CICI will achieve the above objectives by expanding the engagement of government agencies and private industry partners through field applications. Phase 2 will include a strong push to develop sites that will focus on composite applications in geoinfrastructure, as well as to recruit foreign sites, increase government funding through industry participation and increase minority school participation.

CICI Milestones

Phase 1- 2009
IAB Meeting (Morgantown, WV) - November 12-13, 2009
IAB Meeting (National Harbor, MD) - June 2, 2010
IAB Meeting (Fort Lauderdale, FL) - February 1, 2011
IAB Meeting (Raleigh, NC) - June 28, 2011
IAB Meeting (Coral Gables, FL) - January 18, 2012
IAB Meeting (Morgantown, WV) - June 28, 2012
IAB Meeting (Orlando, FL) - January 29, 2013
IAB Meeting (Pittsburgh, PA) - August 6, 2013
IAB Meeting (Ashburn, VA) - January 16-17, 2014
International Site in Nanjing Tech University (Nanjing, China), approved by NSF - June 4, 2014
IAB Meeting (Nanjing, China) - October 29-30, 2014

Phase 2- 2014
IAB Meeting (Coraopolis, PA) - July 16-17, 2015
IAB Meeting (Coral Gables, FL) - February 22-23, 2016
IAB Meeting (Arlington, TX) - October 2016
IAB Meeting (Morgantown, WV) - May 18-19, 2017
IAB Meeting (Orlando, FL) - December 11, 2017
IAB Meeting (Raleigh, NC) - June 20-12,  2018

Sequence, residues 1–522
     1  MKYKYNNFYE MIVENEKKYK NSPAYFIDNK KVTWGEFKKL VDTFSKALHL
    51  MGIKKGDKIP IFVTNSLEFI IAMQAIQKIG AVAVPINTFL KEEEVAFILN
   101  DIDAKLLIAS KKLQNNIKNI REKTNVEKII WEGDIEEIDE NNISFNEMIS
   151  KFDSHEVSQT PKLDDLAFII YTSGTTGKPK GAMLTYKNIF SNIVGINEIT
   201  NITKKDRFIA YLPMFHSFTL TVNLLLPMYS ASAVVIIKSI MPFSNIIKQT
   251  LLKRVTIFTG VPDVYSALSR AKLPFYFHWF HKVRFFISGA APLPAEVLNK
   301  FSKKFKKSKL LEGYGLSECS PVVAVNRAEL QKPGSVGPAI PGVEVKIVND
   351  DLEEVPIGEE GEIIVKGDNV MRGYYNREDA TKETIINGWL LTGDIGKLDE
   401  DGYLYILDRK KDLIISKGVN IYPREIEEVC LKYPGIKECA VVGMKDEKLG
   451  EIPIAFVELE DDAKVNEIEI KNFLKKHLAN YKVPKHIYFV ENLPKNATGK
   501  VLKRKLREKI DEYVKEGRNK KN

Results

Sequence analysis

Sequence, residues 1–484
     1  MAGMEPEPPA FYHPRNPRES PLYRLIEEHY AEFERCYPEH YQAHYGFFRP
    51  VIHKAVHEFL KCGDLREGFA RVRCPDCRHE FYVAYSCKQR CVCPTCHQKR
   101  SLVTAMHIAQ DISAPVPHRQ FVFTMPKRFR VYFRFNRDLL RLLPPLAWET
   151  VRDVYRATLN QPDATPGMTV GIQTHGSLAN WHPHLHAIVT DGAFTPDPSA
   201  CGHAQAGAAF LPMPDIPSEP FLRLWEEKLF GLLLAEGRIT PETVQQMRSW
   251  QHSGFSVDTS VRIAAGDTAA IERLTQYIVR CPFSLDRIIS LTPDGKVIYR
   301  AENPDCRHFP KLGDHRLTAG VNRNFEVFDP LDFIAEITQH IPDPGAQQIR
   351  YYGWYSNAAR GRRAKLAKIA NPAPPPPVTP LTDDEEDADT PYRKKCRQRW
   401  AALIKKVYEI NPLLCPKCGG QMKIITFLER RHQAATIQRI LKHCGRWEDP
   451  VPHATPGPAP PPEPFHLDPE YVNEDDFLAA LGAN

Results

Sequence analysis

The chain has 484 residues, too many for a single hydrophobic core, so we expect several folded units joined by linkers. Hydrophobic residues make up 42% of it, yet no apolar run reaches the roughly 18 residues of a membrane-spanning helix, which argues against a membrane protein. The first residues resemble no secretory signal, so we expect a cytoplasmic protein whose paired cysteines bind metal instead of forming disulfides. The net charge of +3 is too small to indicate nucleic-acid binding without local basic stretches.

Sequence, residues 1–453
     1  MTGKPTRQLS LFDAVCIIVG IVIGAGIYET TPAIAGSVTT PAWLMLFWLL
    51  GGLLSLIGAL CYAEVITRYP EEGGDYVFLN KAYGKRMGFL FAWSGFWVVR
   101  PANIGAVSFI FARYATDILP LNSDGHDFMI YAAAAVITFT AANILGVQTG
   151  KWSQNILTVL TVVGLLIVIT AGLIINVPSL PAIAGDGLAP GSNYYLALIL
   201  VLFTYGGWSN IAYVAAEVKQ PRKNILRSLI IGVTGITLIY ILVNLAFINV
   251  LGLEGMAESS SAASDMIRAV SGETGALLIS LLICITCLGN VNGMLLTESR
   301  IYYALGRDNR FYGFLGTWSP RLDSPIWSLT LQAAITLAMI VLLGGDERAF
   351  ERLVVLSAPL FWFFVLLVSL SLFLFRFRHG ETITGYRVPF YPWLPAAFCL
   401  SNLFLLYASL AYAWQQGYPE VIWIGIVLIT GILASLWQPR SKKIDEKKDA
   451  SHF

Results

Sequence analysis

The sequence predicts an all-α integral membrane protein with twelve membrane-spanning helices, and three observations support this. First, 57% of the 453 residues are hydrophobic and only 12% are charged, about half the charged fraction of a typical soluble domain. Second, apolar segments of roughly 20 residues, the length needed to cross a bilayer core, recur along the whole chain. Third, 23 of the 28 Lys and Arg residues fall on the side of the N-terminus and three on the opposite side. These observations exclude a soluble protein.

Center Structure and Operations

CICI is ultimately under the leadership of Office of the Vice President for Research and Economic Development at West Virginia University (WVU Research Corporation) who oversees the development and operation of CICI in terms of institutional and legal supports.
West Virginia University is the lead site with North Carolina State University (NCSU), the University of Miami (UM) and University of Texas at Arlington (UTA) serving as a partner universities. Dr. Hota GangaRao is the center director and manages the overall operation of the center. Dr. Ruifeng liang serves as Innovative Managing Director to operate the center in a cohesive manner and market the center nationally and internationally. Site directors, Dr. Udaya Halabe (WVU), Dr. Sami Rizkalla (NCSU), Dr. Antonio Nanni (UM) and Dr. Anand Puppala (UTA) are responsible for research conducted at each university and conduct administration as per university guidelines. CICI falls under the auspices of West Virginia University's Constructed Facilities Center (CFC), also under the leadership of Dr. Hota GangaRao.
An Industrial Advisory Board (IAB) has been established to facilitate industry partnerships and to advise the center on all aspects of operations, including strategic planning and research assessment. One of the primary roles of the IAB is to ensure that the research and development conducted at each university is in line with industry and government objectives. The current chair of the IAB is Dustin Troutman from Creative Pultrusions, a CICI Member since 2010. More detailed information about the IAB is available under the Industrial Advisor Board tab.


Membership fees are the primary funding mechanism for research, development and education undertaken by CICI. The NSF provides direct funding to each university for up to five years, and offers the potential of additional support for specific endeavors. The center is expected to be sustained by industry. Yearly membership fees in CICI are $50,000 for full members with special services testing, $40,000 for full members, and $15,000 for associate members.